We offer this roundup in an effort to pull together the various transitions, expansions and acquisitions that have taken place over the last year. The information is not comprehensive, although it does aim to cover the majority of recent key shifts in the business.
A number of major changes have taken place at Random House Children's Books recently, many of them affecting the overall structure of not only the children's division but Random House Inc. The most recent of these changes, which took place on February 28, was Craig Virden's announcement that he was resigning as president and publisher of the division, which sparked a major realignment within the company. Virden hopes to get back to publishing and editing, rather than administration; Chip Gibson, formerly president of the Crown Publishing Group, has moved over to the children's division to succeed him.
The other major news from Random House came last August, when it acquired Golden Books for $84.4 million, making Random House the largest publisher of English-language children's books. More than 60 people lost their jobs in the initial merging of the two companies (Golden is now part of the newly established Random House Young Readers Group, overseen by v-p and publisher Kate Klimo) and in December several more people were let go.
The associate publisher position held by Kevin Jones was eliminated when Felicia Frazier was named v-p, director of brand management; Frazier had been director of mass market merchandising at Random House. In October, several new editorial directors were named: Courtney Silk, for coloring and activity books; Pat Brigandi, for Golden storybooks and board books; and Diane Muldrow, for Little Golden Books; while Cathy Goldsmith took over management of the combined RH/Golden art department. The editorial directors report to Amy Jarashow, who was recently named associate publisher of Golden and Disney. Starting next year, RH will use its Crawfordsville, Ind., warehouse as the national distribution center for its children's and audio books; the site was acquired as part of the Golden purchase.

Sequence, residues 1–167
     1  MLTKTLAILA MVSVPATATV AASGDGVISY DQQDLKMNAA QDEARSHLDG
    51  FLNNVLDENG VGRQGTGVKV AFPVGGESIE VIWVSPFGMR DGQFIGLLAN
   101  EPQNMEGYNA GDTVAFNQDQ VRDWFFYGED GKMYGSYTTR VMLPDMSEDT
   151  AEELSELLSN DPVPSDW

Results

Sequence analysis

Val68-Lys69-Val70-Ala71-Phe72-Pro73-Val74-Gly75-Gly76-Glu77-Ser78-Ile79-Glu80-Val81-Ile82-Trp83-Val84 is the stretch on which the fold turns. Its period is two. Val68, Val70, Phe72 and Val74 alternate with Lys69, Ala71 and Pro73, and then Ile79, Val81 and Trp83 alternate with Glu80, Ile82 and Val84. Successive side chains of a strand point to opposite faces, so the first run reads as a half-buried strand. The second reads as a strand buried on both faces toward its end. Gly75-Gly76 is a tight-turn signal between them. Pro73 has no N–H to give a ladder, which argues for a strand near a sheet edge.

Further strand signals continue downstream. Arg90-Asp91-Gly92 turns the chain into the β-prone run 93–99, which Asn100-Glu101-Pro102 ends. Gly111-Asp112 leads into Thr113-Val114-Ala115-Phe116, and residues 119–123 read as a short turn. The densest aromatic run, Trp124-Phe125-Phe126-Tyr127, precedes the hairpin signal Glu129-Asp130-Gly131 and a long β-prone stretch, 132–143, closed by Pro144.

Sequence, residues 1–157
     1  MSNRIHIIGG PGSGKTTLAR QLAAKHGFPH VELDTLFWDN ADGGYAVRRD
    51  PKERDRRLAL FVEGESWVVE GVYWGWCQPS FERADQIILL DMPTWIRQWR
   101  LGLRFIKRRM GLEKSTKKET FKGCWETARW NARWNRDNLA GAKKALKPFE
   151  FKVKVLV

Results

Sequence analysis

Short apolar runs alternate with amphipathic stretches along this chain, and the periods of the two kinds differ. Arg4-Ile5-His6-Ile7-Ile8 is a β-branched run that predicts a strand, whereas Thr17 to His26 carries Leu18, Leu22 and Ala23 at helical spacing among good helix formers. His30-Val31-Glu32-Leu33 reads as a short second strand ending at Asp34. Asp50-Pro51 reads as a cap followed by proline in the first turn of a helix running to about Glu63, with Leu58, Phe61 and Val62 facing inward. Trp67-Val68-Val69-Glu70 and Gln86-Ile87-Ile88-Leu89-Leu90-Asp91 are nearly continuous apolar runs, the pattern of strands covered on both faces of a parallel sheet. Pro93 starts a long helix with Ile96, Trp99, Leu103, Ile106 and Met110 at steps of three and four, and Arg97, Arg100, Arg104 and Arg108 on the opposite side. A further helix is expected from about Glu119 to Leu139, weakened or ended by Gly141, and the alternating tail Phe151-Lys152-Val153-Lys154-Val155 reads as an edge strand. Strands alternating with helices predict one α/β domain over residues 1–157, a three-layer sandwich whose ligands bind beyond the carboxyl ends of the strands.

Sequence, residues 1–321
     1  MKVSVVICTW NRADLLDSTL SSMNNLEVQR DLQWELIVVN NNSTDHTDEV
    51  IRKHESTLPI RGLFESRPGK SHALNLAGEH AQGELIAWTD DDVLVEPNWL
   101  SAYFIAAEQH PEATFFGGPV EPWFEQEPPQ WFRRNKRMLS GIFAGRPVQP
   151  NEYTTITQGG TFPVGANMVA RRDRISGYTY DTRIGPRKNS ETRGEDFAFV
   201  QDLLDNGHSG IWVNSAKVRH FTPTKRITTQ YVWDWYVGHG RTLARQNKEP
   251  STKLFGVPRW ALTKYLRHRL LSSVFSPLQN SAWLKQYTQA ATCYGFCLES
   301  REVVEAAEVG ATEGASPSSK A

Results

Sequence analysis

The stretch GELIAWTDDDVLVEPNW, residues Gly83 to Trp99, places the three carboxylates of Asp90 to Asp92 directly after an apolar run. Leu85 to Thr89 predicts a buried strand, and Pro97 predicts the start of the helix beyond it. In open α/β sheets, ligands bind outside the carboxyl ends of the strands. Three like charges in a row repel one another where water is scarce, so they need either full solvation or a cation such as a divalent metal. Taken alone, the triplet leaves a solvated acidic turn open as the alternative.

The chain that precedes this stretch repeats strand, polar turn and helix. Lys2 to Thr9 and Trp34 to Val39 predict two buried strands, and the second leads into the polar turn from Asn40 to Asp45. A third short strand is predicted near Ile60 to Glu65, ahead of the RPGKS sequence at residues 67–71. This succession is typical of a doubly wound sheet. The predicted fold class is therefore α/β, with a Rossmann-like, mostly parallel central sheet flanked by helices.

The first list from Disney Books for Young Readers was published last year, after a licensing agreement was signed with Disney in 2000; Chris Angelilli is editorial director of the imprint and reports to Jarashow. Further evidence of the Golden integration had some staffers--from the editorial, art, marketing and publicity departments--move from their Seventh Ave. location into Random's 1540 Broadway offices.
Prior to the Golden purchase, editorial groups within Random House Children's Books were realigned--putting the Knopf Delacorte Dell Young Readers Group under v-p and publisher Beverly Horowitz and Random House Books for Young Readers under Klimo--and new editorial directors of those groups were announced. Joan Slattery was named editorial director of Knopf/Crown; Françoise Bui of Doubleday; Wendy Loggia editorial director of media services; and Karen Wojtyla editorial director of global projects.
A number of new initiatives were also announced, including Random View Books, an e-book publishing program, launched last fall, as were new imprints Wendy Lamb Books and David Fickling Books. Lamb had been an editor at Delacorte for 18 years, and Fickling's arrangement with Random House makes his the first bicontinental children's imprint, operating at Random House in both the U.S. and the U.K. Random House Para Niños, a Spanish-language imprint, was launched in January.
At the beginning of last year, Simon & Schuster consolidated its Pocket children's imprints into Simon & Schuster Children's Publishing. The children's division then realigned all of its paperback imprints, focusing Aladdin, which absorbed titles from Pocket imprints Archway and Minstrel, on preschool through middle-grade readers and focusing Simon Pulse (which had been called Pocket Pulse) on older teen readers. In the course of the transition, Nancy Pines, former v-p and publisher of Pocket Pulse, Archway and Minstrel, was let go, and, earlier this year, Anne Greenberg, executive editor of paperback books, was laid off. Emma Dryden was promoted from executive editor to editorial director of Margaret K. McElderry Books; Marcia Marshall retired after 25 years with Atheneum; and Russell Gordon was hired as executive art director, paperback and hardcover nonfiction.
Following its sweep last year of the Caldecott and Newbery Medals, as well as the Coretta Scott King Award, this spring Penguin Putnam Books for Young Readers launched its Firebird imprint, which repackages science fiction and fantasy titles in paperback and markets them to a crossover audience. Penguin Putnam purchased DK in May of last year and the two companies have been integrating, with at least 25 DK staffers losing their jobs in the process; DK moved to Penguin Putnam's offices at the beginning of this year.